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Frequently asked questions

Everything you ever wanted to know about Christian Aid - who we are, what we do, who we work with and how we support the world's poorest people.

If you find that your question is not answered please contact us.

 

We fight poverty, but we also fight the causes of poverty. And we do both these things through the involvement of people worldwide – overseas, through local organisations, our partners; and in the UK and Ireland, through hundreds of thousands of individuals and churches who support our stand against injustice.

We don’t parachute aid into the nearly 50 countries in which we work. We rely on the judgement, courage and hard work of people right at the frontline. Our partner organisations know how to make change happen.

Backing them up in this fight for freedom are hundreds of thousands of people, mainly in British and Irish churches, who campaign, speak out, shake collection tins and buttonhole their politicians. We think there are few other instances of such a loud, clear voice for justice. 

No. We do not discriminate. We help people according to need. Their faith, or lack of it, is of no interest to us. Some of our partners are Christian, some are Muslim or Jewish or Hindu – some are of no religious persuasion at all. Our primary concern is that they are good at what they do.

The organisation and its work is inspired by Christian values of faith, charity, hope and truth, but we are not missionaries. In fact, to insist on Christianity as a condition of aid would contradict our principles.

Put simply, ‘aid’ is what we do, ‘Christian’ is why we do it.

Poverty is political – there’s no way round that. When people go hungry, yet there is food enough to feed them, then something is wrong. When people are poor at a time when there has never been more wealth, we have to ask why and who is responsible, and campaign for leaders to change their policies.

But we are never party political. We are interested only in pressing for policies that can best help the poor – not who makes them. All we care about is eradicating poverty and injustice and their causes. We will talk to, and challenge, whoever we need to make this happen.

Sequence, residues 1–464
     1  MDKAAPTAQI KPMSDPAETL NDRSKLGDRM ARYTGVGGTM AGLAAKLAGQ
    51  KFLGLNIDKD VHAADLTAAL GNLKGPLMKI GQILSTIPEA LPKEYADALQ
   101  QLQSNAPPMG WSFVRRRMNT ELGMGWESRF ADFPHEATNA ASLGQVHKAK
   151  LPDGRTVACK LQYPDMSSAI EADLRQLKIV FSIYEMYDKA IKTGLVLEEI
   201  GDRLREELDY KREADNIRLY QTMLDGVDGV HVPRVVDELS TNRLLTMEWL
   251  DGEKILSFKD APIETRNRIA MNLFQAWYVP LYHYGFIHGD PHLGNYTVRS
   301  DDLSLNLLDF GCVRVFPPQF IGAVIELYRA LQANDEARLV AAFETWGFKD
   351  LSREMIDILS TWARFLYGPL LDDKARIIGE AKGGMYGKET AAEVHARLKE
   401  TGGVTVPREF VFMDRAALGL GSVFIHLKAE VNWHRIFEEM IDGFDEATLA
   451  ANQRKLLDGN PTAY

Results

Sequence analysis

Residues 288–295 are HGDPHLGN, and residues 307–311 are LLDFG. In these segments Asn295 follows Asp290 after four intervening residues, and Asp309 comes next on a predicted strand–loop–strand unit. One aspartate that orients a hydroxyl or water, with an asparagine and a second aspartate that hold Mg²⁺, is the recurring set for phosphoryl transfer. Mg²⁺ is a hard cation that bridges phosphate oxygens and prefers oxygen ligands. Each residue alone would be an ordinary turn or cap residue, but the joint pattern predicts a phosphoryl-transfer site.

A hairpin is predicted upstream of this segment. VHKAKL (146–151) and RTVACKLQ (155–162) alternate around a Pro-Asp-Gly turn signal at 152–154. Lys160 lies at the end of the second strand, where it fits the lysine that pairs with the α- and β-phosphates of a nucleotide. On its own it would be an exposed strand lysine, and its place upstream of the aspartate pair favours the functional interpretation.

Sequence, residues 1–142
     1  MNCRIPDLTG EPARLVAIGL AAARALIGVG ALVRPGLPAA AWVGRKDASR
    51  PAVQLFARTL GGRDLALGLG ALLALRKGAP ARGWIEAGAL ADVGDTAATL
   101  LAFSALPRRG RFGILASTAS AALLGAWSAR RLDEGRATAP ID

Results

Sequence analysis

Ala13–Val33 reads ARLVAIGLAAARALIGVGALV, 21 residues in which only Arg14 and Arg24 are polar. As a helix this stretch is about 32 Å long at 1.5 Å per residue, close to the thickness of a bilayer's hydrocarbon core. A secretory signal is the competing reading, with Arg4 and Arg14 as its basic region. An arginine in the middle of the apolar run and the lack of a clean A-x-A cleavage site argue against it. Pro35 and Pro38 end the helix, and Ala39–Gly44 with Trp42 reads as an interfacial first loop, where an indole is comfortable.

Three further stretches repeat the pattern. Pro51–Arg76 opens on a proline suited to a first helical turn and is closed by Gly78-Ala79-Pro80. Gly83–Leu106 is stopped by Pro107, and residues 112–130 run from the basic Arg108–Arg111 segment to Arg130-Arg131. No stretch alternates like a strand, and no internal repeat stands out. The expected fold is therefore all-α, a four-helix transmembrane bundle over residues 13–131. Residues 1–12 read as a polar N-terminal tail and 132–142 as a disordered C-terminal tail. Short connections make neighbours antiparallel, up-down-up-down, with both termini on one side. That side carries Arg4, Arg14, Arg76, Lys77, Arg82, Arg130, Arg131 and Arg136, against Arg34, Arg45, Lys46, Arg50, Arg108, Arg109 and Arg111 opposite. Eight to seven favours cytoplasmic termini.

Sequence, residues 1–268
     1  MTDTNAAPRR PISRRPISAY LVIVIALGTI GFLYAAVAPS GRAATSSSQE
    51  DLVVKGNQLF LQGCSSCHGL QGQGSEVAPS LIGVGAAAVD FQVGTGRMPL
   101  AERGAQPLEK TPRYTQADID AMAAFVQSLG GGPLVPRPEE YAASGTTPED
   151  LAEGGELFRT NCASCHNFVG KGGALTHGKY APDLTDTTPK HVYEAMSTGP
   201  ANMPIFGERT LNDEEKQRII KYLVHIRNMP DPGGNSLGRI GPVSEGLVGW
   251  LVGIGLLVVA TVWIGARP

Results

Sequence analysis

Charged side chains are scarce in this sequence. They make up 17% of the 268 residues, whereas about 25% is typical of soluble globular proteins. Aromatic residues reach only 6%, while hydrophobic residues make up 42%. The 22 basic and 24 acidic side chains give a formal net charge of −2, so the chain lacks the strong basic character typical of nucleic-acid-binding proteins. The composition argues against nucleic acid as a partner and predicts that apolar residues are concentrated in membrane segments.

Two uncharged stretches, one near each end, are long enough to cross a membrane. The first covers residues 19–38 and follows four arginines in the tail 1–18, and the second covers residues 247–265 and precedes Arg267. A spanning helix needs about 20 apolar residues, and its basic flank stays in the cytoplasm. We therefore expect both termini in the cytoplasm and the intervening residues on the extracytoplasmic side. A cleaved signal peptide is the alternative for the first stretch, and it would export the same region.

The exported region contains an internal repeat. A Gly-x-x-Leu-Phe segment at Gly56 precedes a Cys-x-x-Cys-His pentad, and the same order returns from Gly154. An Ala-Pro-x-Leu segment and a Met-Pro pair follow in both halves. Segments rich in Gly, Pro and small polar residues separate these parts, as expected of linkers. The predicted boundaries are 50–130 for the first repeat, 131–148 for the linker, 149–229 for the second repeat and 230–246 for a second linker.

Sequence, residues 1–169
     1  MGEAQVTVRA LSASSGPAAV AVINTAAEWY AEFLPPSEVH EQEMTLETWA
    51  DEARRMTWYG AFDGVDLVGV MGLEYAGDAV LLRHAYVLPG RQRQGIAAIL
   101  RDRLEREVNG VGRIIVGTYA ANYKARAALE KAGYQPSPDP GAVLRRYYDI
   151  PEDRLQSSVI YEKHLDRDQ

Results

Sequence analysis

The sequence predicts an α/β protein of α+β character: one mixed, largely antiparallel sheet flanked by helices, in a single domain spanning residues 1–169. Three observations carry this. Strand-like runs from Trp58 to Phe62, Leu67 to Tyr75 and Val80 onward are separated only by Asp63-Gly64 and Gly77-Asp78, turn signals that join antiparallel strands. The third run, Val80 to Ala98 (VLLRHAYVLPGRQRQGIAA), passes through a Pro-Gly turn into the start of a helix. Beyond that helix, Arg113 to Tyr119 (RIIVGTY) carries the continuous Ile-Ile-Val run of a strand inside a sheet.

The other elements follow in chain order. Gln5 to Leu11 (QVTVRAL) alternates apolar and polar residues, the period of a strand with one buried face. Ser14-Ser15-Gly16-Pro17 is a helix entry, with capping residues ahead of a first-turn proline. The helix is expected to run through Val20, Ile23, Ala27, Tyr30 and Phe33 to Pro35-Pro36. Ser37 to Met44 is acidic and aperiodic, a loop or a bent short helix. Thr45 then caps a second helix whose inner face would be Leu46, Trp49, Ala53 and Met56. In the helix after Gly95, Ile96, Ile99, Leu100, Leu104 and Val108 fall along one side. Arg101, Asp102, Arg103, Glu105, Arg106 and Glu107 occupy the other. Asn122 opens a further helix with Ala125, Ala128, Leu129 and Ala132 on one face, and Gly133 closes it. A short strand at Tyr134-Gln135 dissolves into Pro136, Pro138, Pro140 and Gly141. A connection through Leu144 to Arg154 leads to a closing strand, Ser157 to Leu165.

Find out more about why we campaign.  

In 2012/13 roughly 68% of our income came from people like you. That’s why we answer to you: it’s your money that’s helping us fight poverty. People who put money into the little red Christian Aid Week envelopes and collecting tins, who respond to appeals when an emergency hits, who sign up for Direct Debits.

Just over 40% of our income came from institutional funding such as programme partnerships with UK Aid (DFID), grants from the European Commission and Irish Aid. 

Christian Aid income in 2012/13

Christian Aid income sources in 2012/13  

Read a detailed breakdown of how we raise and spend our money.

Our total expenditure increased by 2% in 2012/13, from £94.8m to £96.6m. 86% of this went directly towards charitable activities – in other words, towards ending poverty.

13% was spent on fundraising, to ensure we can continue to raise life-saving funds. 1% was spent on governance - costs associated with the general running of the charity.

Christian Aid spending in 2012/13

Christian Aid spending in 2012/13  

Read a detailed breakdown of how we raise and spend our money.

Your donations help improve the lives of millions of people around the world.

Donations helped save countless lives when Typhoon Haiyan struck the Philippines in 2013. They are providing shelter, food and psychological support to families forced from their homes by the brutal conflict in Syria.

Your money helped organise a march of 60,000 of India’s poorest people to claim their right to land; made tax dodging a real development issue; doubled government spending on education in the Dominican Republic;  and helped almost 1 million people access essential services and adopt safer health practices in 2012/13.

Read eyewitness accounts of how your donations are transforming lives.  

All the difference in the world. If we don’t tackle the causes of poverty and injustice, we will forever be dealing with its symptoms – hunger, disease, unemployment, inequality, environmental destruction, and lack of education, rights and opportunity.

Armed with the facts and given the tools to campaign, we can lobby politicians and decision-makers to support our campaigns.